Review: 'Logan' Starring Hugh Jackman, Patrick Stewart, And Dafne Keen

Wolverine is the most popular X-Man in all of Marvel Comics. Hell, he's probably the most popular Marvel character ever, even though he's "dead". When 20th Century Fox began their X-Men franchise in 2000 they correctly centered it around Wolverine and they have continued to do so. Even when things shifted to a younger group of mutants, Hugh Jackman's Wolverine was still there traveling through time in X-Men: Days of Future Past. We know more about this version of the character than any other X-Men. We've seen him evolve from angry loner to reluctant teammate to feral protector, and we've seen him lose everyone and everything he cares for over and over again.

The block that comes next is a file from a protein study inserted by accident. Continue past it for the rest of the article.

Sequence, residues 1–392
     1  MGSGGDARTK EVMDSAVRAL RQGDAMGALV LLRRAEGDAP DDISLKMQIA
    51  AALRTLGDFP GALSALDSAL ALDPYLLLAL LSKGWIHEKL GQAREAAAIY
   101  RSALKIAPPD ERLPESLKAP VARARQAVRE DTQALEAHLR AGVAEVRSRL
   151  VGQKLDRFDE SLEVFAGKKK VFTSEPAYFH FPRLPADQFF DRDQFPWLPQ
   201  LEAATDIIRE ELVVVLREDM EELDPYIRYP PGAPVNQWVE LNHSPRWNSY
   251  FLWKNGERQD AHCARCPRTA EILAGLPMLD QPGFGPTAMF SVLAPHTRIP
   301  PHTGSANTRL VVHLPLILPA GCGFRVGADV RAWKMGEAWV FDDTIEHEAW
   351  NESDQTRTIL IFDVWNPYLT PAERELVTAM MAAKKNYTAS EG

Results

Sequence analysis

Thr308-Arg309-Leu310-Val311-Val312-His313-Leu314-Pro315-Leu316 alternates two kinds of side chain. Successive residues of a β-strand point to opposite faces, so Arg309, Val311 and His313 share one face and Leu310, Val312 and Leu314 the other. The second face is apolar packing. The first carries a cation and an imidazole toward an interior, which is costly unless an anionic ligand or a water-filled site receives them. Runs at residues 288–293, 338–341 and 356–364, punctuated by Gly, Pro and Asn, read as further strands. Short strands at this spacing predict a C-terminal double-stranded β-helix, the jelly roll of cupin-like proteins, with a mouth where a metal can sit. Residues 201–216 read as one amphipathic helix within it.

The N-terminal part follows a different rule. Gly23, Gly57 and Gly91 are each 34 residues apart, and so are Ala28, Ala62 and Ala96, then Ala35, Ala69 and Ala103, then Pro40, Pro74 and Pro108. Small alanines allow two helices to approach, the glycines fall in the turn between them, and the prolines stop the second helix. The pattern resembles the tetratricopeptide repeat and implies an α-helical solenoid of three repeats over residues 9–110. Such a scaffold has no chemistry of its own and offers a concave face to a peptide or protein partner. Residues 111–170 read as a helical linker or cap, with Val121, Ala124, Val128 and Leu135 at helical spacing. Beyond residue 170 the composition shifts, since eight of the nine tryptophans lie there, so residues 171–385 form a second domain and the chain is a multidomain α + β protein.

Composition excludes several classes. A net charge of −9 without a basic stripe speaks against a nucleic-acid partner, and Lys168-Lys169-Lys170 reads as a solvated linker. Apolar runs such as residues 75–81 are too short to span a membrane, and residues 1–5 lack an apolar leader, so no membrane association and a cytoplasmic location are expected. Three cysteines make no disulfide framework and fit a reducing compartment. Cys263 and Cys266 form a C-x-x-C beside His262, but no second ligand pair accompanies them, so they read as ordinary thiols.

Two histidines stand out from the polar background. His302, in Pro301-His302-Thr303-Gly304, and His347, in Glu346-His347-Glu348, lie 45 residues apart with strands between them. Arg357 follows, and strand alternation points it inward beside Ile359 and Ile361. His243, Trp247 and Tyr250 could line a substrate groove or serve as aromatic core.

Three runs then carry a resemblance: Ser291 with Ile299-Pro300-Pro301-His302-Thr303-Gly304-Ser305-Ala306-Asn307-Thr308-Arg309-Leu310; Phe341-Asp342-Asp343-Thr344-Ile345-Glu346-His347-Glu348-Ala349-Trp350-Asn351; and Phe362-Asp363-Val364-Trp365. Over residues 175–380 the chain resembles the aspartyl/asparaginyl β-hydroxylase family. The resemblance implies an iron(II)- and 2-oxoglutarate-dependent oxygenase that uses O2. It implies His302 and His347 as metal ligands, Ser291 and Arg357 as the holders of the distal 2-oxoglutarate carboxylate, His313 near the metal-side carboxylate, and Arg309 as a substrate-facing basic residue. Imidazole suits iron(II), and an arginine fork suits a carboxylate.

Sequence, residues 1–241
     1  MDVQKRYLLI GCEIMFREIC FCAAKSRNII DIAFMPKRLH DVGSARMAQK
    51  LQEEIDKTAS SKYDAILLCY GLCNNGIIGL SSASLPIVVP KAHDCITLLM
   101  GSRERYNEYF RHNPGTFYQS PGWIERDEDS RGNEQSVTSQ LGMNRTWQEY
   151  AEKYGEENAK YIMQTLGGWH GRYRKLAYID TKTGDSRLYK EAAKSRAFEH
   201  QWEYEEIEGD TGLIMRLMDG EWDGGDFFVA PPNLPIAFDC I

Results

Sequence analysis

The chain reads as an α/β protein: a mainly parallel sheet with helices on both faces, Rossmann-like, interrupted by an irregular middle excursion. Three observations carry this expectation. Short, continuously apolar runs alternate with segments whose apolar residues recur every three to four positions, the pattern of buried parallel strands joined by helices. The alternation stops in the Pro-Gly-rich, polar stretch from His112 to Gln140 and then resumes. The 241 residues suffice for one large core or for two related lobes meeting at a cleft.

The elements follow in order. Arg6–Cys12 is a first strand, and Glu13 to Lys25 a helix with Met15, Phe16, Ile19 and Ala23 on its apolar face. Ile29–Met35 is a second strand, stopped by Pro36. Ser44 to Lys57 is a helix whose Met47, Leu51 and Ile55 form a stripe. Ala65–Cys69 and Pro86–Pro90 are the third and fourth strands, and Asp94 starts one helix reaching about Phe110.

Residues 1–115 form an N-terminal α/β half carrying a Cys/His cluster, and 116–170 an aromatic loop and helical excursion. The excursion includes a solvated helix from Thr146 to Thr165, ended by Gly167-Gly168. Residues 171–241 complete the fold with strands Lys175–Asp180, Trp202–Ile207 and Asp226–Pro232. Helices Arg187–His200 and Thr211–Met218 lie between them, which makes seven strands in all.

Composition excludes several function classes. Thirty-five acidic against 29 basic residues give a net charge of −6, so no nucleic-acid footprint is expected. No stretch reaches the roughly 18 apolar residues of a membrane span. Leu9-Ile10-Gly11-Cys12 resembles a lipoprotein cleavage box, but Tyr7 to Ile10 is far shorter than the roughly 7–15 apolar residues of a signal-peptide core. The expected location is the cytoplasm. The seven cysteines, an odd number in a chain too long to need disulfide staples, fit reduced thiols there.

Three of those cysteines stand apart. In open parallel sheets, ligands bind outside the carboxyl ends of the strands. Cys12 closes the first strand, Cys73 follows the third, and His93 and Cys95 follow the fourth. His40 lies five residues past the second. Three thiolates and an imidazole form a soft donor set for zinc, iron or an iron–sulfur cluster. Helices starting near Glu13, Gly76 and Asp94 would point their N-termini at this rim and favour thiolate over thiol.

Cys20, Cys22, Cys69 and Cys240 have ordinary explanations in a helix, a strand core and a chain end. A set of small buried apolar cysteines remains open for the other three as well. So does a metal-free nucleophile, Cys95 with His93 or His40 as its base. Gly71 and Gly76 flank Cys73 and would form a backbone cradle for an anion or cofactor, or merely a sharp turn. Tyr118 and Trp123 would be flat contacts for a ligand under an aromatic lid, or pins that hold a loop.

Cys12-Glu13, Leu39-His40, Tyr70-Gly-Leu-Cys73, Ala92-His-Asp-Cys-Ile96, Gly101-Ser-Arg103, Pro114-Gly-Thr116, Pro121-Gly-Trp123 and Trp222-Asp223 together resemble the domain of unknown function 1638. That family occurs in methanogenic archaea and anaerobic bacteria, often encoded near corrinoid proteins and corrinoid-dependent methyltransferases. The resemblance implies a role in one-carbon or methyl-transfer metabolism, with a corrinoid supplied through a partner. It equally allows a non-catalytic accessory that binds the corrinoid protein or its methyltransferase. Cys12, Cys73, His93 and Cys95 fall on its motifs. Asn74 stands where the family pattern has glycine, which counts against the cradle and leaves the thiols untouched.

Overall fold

With Logan, every bit of his painful past is brought to stunning new focus in a fitting finale for the character and the man who has played him for 17 years.  This is the Wolverine movie fans have always wanted to see; period. The Wolverine came close but it was still held in check by the need to keep him all-ages enough to sell toys. Logan doesn't serve at the need of any franchises; there's no sequel to connect to or crossover to set up.  A lot has been made of the R-rating, perhaps fearing it was done in response to Deadpool's success, but the vulgarity and extreme violence serve a purpose. This is a grim world Logan has found himself in; it's a world where mutants are nearly extinct and the bad guys are playing for keeps. The body count is incredibly high; the good guys don't always win...if they win at all. It's brutal out there, and director James Mangold has presented an unforgiving future too tough even for Logan's adamantium bones.